The genus Psilocybe contains roughly 180 small to medium-sized saprophytic mushroom species that can be found in a wide range of habitats: dungs, mosses, soils, grasslands, or decaying wood debris. When moist, most species have viscid, deep-brown caps that fade in drying to yellowish brown (i.e., are hygrophanous). The more active species, particularly those high in psilocin, bruise bluish where injured. The gills are usually dark brown in color with whitish edges, and range from being subdecurrent to acutely ascending in their attachments.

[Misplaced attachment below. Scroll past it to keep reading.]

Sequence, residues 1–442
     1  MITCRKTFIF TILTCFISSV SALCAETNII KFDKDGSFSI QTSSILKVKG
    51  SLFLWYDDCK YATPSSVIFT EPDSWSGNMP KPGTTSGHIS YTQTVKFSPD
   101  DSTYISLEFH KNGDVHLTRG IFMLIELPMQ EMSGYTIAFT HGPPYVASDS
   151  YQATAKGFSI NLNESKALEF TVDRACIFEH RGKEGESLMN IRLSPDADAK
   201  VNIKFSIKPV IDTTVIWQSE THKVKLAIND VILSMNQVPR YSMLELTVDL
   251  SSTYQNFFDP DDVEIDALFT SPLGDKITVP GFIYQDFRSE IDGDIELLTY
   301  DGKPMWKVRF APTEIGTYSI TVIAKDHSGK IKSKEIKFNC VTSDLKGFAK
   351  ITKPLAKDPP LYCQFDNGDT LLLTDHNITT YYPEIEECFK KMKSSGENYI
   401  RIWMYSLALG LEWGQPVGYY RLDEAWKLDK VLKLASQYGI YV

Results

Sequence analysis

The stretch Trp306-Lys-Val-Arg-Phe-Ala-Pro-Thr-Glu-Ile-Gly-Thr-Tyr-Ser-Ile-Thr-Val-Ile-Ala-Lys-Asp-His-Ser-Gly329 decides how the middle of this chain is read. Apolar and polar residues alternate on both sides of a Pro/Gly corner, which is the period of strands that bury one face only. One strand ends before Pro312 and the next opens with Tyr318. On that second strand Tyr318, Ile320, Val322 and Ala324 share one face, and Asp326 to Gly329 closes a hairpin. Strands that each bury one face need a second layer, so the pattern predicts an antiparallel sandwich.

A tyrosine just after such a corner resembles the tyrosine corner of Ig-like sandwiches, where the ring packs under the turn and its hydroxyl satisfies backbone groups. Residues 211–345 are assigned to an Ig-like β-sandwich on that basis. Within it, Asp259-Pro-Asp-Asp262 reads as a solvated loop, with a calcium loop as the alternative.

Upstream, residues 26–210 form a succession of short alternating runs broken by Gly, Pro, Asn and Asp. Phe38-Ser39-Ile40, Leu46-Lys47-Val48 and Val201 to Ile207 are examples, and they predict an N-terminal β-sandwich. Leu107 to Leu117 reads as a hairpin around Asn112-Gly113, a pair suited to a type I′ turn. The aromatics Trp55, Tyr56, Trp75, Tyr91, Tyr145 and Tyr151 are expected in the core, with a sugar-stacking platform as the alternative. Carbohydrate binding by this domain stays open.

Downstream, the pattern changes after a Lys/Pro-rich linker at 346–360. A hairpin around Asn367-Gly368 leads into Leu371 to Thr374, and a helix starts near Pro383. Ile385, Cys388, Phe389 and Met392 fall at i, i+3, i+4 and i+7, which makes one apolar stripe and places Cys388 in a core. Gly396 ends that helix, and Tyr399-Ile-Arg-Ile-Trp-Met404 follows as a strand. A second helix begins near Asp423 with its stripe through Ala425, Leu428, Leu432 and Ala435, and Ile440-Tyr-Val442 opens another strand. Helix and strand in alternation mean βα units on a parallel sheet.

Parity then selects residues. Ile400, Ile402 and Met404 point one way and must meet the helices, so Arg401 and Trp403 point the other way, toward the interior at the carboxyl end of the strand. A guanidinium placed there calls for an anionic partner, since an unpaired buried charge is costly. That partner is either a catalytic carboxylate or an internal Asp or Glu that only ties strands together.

Almost any little brown mushroom can be mistaken carelessly for a Psilocybe - with potentially disastrous results! A good spore print is crucial, as it will eliminate the brown spored genera (Galerina, Inocybe, Conocybe etc.), which contain many poisonous species. Among the dark-spored genera, Coprinus has deliquescing gills, Psathyrella typically has a non-viscid cap and bruises stains blue, Panaeolus species with a viscid cap grow on dung and have black spores, and Hypholoma (= Naematoloma) and Stropharia species are usually brightly coloured, while the cap color in Psilocybe (with the notable exception of Psilocybe cubensis) is typically some shade of brown, gray, or buff.